I look at a stock certificate as representing fractional ownership in a business. So, if I find a business like Miranda, of which I'm very happy to be a fractional owner at an acceptable price, those are the investment opportunities I look for.
TGR: You've created a variety of models. Some are related to the fair value of gold, some to inflation. Are you using any of those?
PvE: My gold and inflation models are very long-timescale macroeconomic models that don't necessarily help pick stocks. When I pick stocks, I look primarily at management. It doesn't matter which business or industry—all businesses are about people. Do I want to do business with these people? Do I trust these individuals with my money? Things like that. Then I start looking at what I'll be paying for the business, whether it has a proper business plan it's capable of executing, etc. It's a process. The more you go through the process of selecting business investments, the more accustomed you get to it.
TGR: You specialize in the riskiest area of a high-risk sector. Where's the appeal in taking such risks?
PvE: I've always liked the natural resources sector. The telephones we're talking on right now are made of plastic, which is a byproduct of the oil industry. Copper and other metals are inside this plastic, which is only possible because of mining. My computer's full of metal and I drive a car, which uses gasoline and is made of metal and other natural resources. My clothes come from the natural resources industry—cotton from farming, metal belt buckle from mining.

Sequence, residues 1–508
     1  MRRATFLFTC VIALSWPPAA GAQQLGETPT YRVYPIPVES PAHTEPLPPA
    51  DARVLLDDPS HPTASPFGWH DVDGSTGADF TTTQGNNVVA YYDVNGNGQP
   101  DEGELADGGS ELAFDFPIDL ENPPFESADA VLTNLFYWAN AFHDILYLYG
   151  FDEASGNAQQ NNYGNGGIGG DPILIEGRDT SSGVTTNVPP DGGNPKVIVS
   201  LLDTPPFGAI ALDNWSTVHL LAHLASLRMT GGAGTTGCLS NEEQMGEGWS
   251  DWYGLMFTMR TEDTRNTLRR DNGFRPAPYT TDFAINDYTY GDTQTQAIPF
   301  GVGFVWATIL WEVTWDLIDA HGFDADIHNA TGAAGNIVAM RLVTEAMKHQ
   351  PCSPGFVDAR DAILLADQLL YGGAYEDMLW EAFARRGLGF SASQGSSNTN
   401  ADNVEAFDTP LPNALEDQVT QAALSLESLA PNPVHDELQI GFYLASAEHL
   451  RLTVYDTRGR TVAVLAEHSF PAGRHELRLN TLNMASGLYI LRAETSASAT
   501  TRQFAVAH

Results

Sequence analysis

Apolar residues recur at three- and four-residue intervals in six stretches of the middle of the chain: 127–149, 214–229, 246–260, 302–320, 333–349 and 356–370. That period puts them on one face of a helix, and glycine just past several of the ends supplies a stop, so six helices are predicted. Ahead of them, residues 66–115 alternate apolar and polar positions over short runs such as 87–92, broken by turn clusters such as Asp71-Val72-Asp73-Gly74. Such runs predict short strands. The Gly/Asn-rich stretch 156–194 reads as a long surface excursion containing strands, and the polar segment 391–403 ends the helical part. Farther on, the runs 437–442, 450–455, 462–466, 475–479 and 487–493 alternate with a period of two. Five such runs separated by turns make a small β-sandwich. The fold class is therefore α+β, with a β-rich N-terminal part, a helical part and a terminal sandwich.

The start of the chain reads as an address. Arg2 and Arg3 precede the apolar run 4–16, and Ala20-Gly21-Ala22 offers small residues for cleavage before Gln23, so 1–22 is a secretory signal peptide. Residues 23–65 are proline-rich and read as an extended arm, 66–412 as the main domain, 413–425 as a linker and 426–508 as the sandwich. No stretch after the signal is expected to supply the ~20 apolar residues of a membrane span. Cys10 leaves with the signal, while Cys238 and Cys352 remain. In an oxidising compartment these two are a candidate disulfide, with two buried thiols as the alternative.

What would life look like without natural resources and the extractive industries that allow us to use those resources? We'd have nothing—no buildings, cars, furniture, televisions or telecommunications. So, natural resources and mining are absolutely central to our standard of living and the technological progress we've made.
TGR: This brings us back to understanding the underlying economic structure. If an economy really needs these resources for daily life, and the economy is not growing, how could we expect the value of natural resource companies to increase?
PvE: Natural resource companies can increase in value for reasons other than the economy. For example, if an exploration company makes a discovery, it creates substantial and real wealth that didn't exist before that discovery. So, it can grow and do well regardless of the economic conditions.